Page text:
Randomization is considered the most powerful study design to examine cause-and-effect relationships. For many research questions, randomized controlled trials are necessary to establish reliable knowledge. Conducting 200 more observational studies on cancer and red or processed meat consumption won’t get us any closer to a definitive result. This is largely because observational studies are by definition nonrandomized, allowing virtually limitless possibilities for confounding. Such data might help spark new hypotheses for subsequent, more rigorous testing through randomized trials, but all too often, those subsequent trials are never performed. Many point out that, for certain research questions, randomized controlled trials aren’t possible for reasons ranging from cost to ethics to difficulty in controlling for necessary variables, but these challenges are hardly a fair excuse for throwing up our hands and deciding that completely nonrandomized observational studies are our only option. As David and his colleagues point out, several creative solutions have been developed to facilitate interventional studies or introduce a degree of randomization to otherwise nonrandomized investigations.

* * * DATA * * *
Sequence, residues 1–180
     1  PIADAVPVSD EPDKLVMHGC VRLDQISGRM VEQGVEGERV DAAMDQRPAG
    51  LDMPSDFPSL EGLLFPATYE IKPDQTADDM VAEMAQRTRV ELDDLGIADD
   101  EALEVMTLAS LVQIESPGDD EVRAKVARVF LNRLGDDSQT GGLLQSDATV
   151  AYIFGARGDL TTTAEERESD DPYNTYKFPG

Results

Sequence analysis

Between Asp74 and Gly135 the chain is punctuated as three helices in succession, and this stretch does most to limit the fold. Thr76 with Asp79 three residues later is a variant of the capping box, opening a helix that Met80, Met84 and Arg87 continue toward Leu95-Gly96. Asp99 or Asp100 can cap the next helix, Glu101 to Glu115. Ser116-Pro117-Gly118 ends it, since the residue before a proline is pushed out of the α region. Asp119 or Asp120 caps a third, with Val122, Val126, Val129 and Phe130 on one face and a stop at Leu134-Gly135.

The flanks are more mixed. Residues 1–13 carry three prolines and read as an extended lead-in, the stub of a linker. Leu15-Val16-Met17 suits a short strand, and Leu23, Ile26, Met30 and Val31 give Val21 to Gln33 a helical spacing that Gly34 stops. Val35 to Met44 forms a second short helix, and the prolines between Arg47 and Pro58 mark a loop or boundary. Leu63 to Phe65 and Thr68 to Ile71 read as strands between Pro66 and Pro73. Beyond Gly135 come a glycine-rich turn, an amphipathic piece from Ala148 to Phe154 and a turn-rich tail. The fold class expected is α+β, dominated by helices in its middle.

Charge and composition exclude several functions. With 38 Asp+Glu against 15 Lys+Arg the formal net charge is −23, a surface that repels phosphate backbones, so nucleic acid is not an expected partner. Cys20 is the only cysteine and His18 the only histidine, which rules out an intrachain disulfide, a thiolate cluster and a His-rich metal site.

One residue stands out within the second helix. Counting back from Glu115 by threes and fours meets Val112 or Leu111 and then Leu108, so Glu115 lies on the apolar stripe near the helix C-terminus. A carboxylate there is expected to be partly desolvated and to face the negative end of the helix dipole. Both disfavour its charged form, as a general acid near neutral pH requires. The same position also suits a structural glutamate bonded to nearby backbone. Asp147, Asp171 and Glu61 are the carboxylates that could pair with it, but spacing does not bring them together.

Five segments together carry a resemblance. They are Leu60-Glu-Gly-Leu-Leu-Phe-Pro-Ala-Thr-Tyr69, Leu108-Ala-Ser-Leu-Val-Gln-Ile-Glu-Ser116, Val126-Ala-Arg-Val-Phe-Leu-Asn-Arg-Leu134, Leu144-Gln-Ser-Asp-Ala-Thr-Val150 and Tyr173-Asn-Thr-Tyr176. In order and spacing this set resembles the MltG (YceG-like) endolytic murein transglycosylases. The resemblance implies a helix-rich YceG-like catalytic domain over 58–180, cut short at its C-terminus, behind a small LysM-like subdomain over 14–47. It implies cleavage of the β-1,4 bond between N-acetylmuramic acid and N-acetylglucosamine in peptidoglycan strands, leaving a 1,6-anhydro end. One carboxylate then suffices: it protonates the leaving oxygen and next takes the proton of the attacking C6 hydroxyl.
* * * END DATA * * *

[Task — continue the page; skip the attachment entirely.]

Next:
All of this is to say that a staggering number of nutritional epidemiology studies trip at the starting line before even the earliest data are collected. If a poorly-formulated research question or poor study design can poison all subsequent work and meaning on a given project, then the primary antidote – according to David and his colleagues – must be more mindful planning and preparation at the start.
Recommendations for stronger designs
- Begin with the research question to be answered, consider which measurements would most effectively answer this question, and develop a study design best-suited to delivering these data.
- First consider what a design can and cannot accomplish (to the extent this is known).
- Designs exist both for generalizability of results and for making inferences to a specific individual (e.g., pragmatic trials versus repeated N-of-1 trials, respectively), and investigators should be precise about the population or individual to which inferences are appropriately made.
- Before declaring a randomized trial to be impossible, impractical, or unethical, researchers should thoroughly review all available options.
2 | Stronger measurement
Most of us can probably recall very generally what we had for dinner last night. If asked to recall every ingredient, we may have to think a bit more carefully, but at least some of us could probably come up with a fairly accurate list. But when asked to recall every ingredient down to precise volumes and weights – over several meals – our ability to report with any reasonable accuracy falls precipitously. Unfortunately, this flawed recall is the primary source of data for many nutritional epidemiology studies.